Want a film analogy to describe supplements and herbs in the mainstream media? Think Rocky. And like Mr. Balboa in the eponymous films, the natural world is battered and bruised, but always manages to get up and keep the prizefight going.
The latest one-two punch came in the form of articles in Forbes and Consumer Reports, both highly critical.
The April 19 Forbes article, ?Poison Pills,? featured cover art of a gel-type capsule filled with skulls. The May CR article, ?Dangerous Supplements,? had the tagline ?6 could cause cancer, kidney failure, liver disease, or death [CR?s emphasis].?
Both articles appeared at about the same time as the April 12 ephedra ban start date, an event that did not pass without notice in the news. Two companies, NVE Pharmaceuticals and the National Institute for Clinical Weight Loss, had filed suits to block the ban date until previously filed lawsuits could make their way through the courts. A federal judge in New Jersey denied the stay.
The latest press didn?t surprise Marc Ullman, a partner at the Ullman, Shapiro, and Ullman law firm. ?[It?s] the same kind of thing we?ve been seeing in the last three or four years, with out-and-out misrepresentations or just factual mistakes that people don?t bother checking in these media outlets,? he said. ?[They suggest] that supplements are unregulated and potentially dangerous. And it?s just wrong.?
Judy Blatman, spokeswoman for the Council for Responsible Nutrition, said the press is an example of bad-apple tainting. ?I think that the bad press is particularly unfortunate because it points to a very narrow portion of the industry, but then takes a wide brush to paint the whole industry negatively. ? It puts aside the fact that this is an industry that makes products that play an important role in promoting good health.? CRN has published a four-page, point-by-point rebuttal of the CR article for members.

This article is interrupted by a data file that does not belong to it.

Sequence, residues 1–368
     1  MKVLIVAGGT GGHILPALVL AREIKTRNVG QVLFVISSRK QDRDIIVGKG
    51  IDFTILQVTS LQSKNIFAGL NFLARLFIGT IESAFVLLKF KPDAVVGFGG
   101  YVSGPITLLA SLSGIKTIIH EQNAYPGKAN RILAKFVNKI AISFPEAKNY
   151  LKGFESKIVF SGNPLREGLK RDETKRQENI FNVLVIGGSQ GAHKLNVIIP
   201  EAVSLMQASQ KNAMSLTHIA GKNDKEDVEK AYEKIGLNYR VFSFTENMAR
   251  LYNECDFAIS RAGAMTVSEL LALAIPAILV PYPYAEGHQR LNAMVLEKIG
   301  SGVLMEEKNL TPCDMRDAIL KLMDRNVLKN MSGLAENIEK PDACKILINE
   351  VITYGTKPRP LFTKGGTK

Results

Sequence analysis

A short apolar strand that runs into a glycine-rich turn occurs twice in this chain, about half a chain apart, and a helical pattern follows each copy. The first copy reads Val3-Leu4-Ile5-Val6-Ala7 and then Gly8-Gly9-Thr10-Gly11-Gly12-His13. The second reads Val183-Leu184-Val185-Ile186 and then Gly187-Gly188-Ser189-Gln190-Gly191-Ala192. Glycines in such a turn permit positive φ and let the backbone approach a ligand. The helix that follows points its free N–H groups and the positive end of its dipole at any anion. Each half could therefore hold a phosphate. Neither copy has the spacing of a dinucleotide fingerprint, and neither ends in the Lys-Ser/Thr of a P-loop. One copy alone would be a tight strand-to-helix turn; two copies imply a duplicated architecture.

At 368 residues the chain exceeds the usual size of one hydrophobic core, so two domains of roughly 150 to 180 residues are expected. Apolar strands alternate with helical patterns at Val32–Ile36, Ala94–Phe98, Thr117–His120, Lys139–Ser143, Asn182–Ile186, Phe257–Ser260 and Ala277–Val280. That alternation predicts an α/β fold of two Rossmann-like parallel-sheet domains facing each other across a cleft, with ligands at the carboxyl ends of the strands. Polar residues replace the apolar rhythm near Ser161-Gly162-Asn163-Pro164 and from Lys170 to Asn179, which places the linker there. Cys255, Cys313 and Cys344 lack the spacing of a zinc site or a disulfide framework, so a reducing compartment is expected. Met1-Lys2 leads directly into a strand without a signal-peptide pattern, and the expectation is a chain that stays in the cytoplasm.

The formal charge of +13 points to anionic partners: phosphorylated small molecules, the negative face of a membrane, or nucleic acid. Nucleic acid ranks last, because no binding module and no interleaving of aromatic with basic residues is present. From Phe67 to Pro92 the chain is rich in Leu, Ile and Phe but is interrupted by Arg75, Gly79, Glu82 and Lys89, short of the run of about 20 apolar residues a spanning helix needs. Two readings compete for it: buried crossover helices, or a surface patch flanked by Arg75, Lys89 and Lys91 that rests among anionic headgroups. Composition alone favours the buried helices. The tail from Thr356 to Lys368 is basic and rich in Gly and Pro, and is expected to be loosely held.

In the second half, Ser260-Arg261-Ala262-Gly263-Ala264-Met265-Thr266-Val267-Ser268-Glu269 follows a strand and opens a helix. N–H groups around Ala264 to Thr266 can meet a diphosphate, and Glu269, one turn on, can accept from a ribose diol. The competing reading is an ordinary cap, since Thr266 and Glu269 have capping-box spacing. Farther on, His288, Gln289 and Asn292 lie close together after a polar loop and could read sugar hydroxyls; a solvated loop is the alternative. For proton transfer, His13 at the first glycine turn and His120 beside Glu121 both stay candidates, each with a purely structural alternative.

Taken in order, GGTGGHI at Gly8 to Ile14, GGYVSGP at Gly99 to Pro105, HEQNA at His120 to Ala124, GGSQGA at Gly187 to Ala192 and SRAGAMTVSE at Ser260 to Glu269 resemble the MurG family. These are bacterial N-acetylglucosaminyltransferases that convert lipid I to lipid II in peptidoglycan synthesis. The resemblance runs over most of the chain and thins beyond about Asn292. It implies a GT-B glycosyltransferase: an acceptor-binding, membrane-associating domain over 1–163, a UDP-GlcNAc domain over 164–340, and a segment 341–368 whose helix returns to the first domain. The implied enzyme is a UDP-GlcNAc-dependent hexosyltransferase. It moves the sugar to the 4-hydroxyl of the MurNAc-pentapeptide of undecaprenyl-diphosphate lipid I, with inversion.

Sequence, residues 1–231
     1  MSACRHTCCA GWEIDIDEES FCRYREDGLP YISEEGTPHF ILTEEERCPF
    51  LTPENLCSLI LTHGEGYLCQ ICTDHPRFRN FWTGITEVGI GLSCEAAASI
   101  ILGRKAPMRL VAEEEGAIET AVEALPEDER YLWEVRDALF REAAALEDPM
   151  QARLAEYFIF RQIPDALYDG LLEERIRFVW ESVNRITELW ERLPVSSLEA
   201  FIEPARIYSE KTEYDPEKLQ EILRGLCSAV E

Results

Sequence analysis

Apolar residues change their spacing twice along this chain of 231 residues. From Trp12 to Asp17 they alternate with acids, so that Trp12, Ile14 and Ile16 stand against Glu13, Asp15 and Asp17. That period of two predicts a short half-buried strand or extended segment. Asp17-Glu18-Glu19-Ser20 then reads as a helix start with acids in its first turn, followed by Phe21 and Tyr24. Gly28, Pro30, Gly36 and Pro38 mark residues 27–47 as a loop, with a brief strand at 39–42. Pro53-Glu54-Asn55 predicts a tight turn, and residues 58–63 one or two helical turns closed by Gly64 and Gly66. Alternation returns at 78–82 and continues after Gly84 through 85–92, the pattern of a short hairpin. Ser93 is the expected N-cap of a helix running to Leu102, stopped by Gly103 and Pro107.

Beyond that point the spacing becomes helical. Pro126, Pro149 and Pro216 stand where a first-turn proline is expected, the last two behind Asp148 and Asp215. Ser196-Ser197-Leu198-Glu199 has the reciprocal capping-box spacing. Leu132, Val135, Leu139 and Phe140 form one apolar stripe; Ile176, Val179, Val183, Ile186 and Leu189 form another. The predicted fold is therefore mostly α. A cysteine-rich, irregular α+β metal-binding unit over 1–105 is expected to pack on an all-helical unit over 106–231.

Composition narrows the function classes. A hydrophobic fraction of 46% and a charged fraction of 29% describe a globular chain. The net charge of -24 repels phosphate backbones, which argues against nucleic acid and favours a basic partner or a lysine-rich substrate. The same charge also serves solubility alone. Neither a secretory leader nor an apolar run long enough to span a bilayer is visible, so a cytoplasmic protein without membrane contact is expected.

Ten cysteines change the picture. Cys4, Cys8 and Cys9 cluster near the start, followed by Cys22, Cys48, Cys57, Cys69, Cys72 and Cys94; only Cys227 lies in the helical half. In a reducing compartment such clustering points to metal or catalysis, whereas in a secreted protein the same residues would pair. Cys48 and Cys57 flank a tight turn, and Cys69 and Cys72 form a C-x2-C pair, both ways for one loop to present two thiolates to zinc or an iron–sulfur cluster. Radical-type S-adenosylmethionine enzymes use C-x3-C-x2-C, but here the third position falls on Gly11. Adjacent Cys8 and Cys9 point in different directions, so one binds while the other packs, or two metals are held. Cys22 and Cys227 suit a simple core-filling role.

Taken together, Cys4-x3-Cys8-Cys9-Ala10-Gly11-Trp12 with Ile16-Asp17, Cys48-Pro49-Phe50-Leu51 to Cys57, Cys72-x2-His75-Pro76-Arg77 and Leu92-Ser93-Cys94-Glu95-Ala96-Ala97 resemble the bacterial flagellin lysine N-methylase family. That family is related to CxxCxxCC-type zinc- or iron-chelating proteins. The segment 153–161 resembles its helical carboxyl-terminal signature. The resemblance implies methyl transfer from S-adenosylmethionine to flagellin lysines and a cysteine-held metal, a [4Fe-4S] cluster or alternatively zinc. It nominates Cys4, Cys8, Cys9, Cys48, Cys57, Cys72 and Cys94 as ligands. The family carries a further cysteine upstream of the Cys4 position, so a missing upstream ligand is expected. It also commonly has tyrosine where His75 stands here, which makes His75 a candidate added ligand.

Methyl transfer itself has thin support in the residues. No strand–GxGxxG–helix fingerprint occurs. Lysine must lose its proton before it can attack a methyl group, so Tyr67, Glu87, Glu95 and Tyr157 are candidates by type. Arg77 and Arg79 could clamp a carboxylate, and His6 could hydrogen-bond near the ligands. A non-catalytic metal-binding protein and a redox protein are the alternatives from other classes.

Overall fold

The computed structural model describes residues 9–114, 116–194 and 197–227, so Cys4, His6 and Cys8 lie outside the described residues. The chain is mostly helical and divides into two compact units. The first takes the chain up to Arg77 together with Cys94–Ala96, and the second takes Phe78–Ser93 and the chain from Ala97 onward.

Some members of the industry feel that the bad press plays into the government?s desire to amend greatly, if not repeal, the 1994 Dietary Supplement Health and Education Act.
Ullman, at least, said that the U.S. Food and Drug Administration could do more to work with the supplements industry to counter the bad press. ?I think [the idea that supplements are dangerous] is a misimpression that FDA is glad to have out in the media,? he said. ?One of the things that strikes me is that several years ago, when there were media stories that had it wrong about the risk about salmonella and eggs, FDA immediately issued a press release correcting the erroneous media reports. They?ve got no interest in correcting this media.?
For her part, Blatman said the best course of action is to work with FDA and take some responsibility for making DSHEA work. ?If FDA is not able to enforce DSHEA because there are companies out there that are looking for any way around the law, that just makes the agency?s job harder,? she said. ?And it?s important in terms of public perception for FDA to be talking about the fact that they have the appropriate authority and they want to try to make the law work before they can say it doesn?t work. This negative media has been going on for a number of years, and the drumbeat has gotten louder since the ephedra problem, but I do see a difference in the kinds of public things the FDA is saying, and I think that will have an important effect.?
Natural Foods Merchandiser volume XXV/number 5/p. 1